As of September 12th, 2014, the U.S. State Department has raised the fee for citizenship renunciation to $2,350 (U.S.) a person; an incredible increase from the previous $450.
The reason for the exorbitant fee increase is stated as an attempt to capture the “full cost” of delivery of this service by U.S. consular officials, and that it represents the “real, unsubsidized cost of providing this service.”
A noteworthy difference in taxation structure between Canada and the United States is especially noteworthy at this juncture. The United States taxes individuals based on citizenship. In contrast, Canada, and virtually all other countries, base taxation on residency. What this means for Americans living abroad is that they must file U.S. taxes regardless of where they live.
The recent signing of the Foreign Account Tax Compliance Act may also make renouncing U.S. citizenship more of a pressing issue for some.
The new law, which will come into effect in stages, makes it mandatory for financial institutions to share information about their U.S. customers. What does this mean for Canadians? For those holding accounts worth $50,000 or more, your financial information can now be passed over to the IRS if you are an American citizen. CRA will commence with collecting information on all financial accounts worth more than $50,000, starting at the end of 2015, and remit relevant information to the IRS.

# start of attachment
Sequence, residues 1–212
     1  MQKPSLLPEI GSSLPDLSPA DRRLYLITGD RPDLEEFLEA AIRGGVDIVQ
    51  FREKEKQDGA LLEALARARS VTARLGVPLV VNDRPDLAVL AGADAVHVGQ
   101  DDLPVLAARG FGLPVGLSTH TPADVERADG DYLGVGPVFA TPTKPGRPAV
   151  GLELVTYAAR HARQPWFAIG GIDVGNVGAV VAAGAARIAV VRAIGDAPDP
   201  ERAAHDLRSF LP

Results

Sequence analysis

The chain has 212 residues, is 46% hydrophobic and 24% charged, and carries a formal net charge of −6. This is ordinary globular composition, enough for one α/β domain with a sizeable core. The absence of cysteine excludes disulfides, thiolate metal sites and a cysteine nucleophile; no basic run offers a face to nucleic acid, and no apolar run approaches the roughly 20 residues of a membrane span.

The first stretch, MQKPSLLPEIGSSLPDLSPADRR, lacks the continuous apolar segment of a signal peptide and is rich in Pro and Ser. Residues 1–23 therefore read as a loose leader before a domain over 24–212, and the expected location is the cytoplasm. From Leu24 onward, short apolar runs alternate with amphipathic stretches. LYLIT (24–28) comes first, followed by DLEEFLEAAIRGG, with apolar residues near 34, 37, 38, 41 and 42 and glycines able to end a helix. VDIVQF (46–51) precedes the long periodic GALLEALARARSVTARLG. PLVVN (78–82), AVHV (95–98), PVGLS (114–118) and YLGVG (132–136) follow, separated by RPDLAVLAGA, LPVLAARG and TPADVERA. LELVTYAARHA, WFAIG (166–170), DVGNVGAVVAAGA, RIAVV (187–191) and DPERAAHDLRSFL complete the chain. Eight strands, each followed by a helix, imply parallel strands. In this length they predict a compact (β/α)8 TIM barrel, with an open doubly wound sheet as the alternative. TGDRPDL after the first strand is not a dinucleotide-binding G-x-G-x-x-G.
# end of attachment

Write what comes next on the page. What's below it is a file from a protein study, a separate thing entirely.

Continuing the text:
This tax tip is a publication of DSK on developments in the area of taxation. The material is general in nature, is current as of published date, and should not be relied upon to replace the requirement for specific professional guidance. These posts should not be considered advice to be acted upon without further professional consultation, as each reader’s personal financial situation is unique.